"The Rolls-Royce LiftSystem is comprised of a lift fan, a driveshaft, the 3 Bearing Swivel Module (3BSM), and two roll posts. The driveshaft connects the F135 engine to the lift fan and delivers as much as 29,000 shp. The lift fan provides the forward vertical lift."



posted on Nov, 4 2014 @ 09:10 AM
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a reply to: MKMoniker

Classified electronics and systems are in the lift bay, as well as non-classified electronics, on the A and C. The B uses an external gun pod because there's no room, thanks to the lift fan. The C uses one, because the Navy chose to go that route with both their airframes. The Air Force learned the hard way that fighters need guns, during Vietnam, and they elected to go with an internal gun. That takes up some of the area used for the lift fan on the B model.

Still no gravity cancelling generator, or anything of the sort. There WAS talk of using the lift bay area on the A and C to put a laser, but it was just talk.



posted on Nov, 4 2014 @ 09:55 AM
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a reply to: Zaphod58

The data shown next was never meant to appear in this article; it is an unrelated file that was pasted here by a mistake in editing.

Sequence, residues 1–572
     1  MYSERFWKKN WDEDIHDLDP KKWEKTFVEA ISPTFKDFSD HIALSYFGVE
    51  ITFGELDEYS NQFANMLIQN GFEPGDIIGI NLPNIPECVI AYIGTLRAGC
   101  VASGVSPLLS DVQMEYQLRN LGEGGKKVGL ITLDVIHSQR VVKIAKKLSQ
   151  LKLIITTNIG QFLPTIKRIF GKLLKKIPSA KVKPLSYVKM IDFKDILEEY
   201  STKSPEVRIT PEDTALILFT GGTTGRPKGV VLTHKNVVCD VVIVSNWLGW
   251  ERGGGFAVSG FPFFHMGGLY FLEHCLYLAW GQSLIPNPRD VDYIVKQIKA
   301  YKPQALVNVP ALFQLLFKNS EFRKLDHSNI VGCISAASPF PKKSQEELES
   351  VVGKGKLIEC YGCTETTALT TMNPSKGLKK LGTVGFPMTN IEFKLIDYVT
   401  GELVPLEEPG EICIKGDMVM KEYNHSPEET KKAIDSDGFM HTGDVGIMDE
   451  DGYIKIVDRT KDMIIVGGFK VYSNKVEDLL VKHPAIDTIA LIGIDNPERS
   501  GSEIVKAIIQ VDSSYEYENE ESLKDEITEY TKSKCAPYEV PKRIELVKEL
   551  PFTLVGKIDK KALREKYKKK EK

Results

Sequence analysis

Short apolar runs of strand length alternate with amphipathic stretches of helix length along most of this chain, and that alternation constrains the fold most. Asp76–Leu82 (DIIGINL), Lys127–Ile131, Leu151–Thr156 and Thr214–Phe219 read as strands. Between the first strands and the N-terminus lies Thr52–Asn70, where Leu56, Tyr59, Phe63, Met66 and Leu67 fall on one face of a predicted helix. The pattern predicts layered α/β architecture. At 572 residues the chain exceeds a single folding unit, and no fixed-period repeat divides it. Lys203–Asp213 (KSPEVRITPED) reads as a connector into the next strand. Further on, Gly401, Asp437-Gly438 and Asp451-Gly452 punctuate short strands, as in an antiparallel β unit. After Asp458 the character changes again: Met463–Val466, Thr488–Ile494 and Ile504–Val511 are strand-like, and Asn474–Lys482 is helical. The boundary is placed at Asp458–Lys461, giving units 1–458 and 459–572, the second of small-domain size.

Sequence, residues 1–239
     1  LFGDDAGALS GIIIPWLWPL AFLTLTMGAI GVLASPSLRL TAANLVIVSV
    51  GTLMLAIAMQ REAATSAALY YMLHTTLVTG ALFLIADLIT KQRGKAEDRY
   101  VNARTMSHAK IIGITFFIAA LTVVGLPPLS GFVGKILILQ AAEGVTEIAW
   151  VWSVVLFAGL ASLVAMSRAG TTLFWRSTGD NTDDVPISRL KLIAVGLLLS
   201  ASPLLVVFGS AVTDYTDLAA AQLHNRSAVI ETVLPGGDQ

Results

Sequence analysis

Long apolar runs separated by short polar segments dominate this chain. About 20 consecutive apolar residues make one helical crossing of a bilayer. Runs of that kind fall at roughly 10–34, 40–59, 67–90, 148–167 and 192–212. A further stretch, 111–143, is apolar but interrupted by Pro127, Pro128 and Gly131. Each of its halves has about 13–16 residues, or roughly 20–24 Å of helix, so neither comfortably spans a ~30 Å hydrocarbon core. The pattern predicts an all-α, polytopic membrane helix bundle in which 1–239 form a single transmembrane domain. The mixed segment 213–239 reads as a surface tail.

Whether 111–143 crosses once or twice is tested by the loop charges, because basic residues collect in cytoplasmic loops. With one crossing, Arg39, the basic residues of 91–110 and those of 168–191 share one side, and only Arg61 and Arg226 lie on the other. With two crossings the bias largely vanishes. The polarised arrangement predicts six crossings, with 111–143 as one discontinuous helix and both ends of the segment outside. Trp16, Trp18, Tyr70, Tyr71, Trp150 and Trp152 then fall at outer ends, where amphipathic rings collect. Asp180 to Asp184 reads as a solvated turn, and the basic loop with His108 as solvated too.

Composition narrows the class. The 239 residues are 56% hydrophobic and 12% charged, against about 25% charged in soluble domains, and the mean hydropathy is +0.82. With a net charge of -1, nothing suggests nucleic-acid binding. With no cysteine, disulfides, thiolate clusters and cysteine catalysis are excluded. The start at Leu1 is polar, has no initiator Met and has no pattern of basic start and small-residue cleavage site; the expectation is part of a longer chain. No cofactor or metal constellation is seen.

I think the great advantage the f35 will have is here communication and coordinating skills amongst other F35s and aircraft in the area. When they all coordinate together like that they can probably be extremely formidable. I envision them operating like a wolf pack that gangs up on their prey. While their big sisters the f22 guard the door and don't let anybody in the room while the f35's gang up and thug out on their victim. If stuff gets out of hand then the f22's can come in as the enforcers kinda like the big henchmen in the movies. When you see him enter the fight you know some bad stuff is about to happen.



posted on Nov, 4 2014 @ 10:09 AM
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a reply to: BASSPLYR

They're working on an NPI datalink for the F-35, that will do precisely that, without risk of anyone detecting them. That's the reason that the F-22 went with the LPI link, and now has to have an interlink to talk to anyone else.



posted on Nov, 4 2014 @ 10:21 AM